Plasma cutting steel staircase Tung oil applied on trim woodwwork Floors milled from site grown trees Septic field restoration Reflecting afternoon sun Birth of a barn on Bragg Hill Radiant floors Solar panel installation Capping off the chimney Proud shape emerges on the hilltop Pumping concrete into the three gables Forming 12x12 Gables Delivering concrete from the sky Parallam beam positioning Flying flitch beam ICF window framing Precision concrete placement Lower level ICF fabrication Newly excavated driveway Finishing garage deck concrete Pouring concrete footers Rebar safety caps Surveying the construction site Checking out the excavation equipment Rapid soil stabilization Testing the soils for drainage Taking Solar Pathfinder measurements Milling downed trees onsite View to the Southeast over the Benzel Family Trust Future meadow to be cultivated Taking a stroll on Bragg Hill Road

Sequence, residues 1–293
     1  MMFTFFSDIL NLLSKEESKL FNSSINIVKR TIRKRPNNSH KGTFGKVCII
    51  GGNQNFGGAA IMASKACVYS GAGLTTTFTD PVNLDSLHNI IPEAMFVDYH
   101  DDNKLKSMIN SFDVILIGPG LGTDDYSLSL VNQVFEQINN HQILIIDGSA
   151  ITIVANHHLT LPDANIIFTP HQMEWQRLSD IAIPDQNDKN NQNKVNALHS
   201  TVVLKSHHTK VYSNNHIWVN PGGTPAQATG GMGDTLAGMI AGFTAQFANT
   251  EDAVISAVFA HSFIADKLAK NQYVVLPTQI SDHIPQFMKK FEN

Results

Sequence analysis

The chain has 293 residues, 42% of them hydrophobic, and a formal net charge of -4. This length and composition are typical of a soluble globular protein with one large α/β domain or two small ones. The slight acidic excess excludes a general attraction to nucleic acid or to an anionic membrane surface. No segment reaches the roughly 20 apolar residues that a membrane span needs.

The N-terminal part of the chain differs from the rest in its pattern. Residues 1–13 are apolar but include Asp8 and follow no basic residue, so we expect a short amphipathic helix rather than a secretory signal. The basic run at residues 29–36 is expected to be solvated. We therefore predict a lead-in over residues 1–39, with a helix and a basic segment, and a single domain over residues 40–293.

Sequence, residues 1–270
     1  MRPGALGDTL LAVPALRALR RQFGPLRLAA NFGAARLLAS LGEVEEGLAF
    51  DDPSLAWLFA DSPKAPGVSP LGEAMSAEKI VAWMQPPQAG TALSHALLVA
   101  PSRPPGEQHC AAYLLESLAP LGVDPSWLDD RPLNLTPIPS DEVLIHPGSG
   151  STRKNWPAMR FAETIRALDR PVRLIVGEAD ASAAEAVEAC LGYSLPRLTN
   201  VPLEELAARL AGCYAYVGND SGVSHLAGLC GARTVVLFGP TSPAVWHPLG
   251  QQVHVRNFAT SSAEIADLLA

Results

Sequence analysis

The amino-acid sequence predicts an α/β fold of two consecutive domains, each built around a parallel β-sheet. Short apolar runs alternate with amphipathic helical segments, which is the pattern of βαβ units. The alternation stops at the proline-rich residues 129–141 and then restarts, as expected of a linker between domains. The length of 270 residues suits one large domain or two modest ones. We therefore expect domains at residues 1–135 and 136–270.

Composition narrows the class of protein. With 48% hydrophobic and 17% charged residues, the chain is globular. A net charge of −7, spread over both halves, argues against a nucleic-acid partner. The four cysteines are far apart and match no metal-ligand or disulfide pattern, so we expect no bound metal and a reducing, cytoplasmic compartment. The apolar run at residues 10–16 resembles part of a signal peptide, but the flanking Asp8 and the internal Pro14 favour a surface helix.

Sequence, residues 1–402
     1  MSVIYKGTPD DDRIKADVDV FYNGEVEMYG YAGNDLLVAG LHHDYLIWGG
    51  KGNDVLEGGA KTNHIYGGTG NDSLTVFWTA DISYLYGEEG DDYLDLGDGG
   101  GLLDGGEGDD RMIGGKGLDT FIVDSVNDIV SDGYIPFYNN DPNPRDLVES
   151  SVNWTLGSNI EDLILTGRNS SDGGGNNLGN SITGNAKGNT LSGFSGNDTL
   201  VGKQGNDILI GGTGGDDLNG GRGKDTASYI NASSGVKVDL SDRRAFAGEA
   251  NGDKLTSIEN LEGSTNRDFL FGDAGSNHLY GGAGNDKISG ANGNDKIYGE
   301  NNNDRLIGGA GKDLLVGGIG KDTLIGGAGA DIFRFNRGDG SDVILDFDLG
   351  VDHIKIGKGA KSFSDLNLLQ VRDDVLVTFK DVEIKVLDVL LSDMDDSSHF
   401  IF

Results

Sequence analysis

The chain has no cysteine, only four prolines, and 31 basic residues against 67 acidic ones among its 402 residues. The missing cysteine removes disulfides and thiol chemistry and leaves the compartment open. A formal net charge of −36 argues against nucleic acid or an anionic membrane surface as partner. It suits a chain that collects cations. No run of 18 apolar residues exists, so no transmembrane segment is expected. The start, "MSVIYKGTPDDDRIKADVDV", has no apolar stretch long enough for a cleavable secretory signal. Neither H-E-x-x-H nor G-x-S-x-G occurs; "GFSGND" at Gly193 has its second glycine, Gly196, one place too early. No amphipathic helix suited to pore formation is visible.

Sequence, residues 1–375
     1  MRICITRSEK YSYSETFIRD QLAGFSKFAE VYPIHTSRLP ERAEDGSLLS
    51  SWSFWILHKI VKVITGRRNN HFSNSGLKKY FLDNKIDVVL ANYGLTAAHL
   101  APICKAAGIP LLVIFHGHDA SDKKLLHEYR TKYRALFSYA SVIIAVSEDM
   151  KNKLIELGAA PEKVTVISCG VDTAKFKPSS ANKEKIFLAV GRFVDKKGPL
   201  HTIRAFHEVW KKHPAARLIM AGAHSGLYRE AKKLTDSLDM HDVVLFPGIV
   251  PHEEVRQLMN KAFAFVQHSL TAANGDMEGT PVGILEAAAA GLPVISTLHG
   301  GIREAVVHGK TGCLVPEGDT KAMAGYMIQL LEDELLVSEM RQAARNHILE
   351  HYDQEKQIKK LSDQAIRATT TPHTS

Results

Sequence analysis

Upper Level Surprise

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One of the tenets of green building is minimum disturbance of the earth.  One way of doing this is to build build vertically with a small footprint.  60 Bragg Hill was designed with this philosophy.  We knew that the house would be tall.  What we didn’t know was the spectacular views that would be reveled to us.  Now that the second level ICFs are poured and the structural beams in place, the sub-floor decking can be fabricated.

A tall construction ladder invited us to explore the scene from the upper level.  Wow. The veiws in every direction are breathtaking.  On a clear day such as this, 20 miles or more visibility would be a common experience.  From this perspective the structural components of the home are evident.  This will be a strong home.  Perched on the top of Bragg Hill, it has to be. 

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360 degree panorama view from the partially built upper level. Use your mouse to pan the image.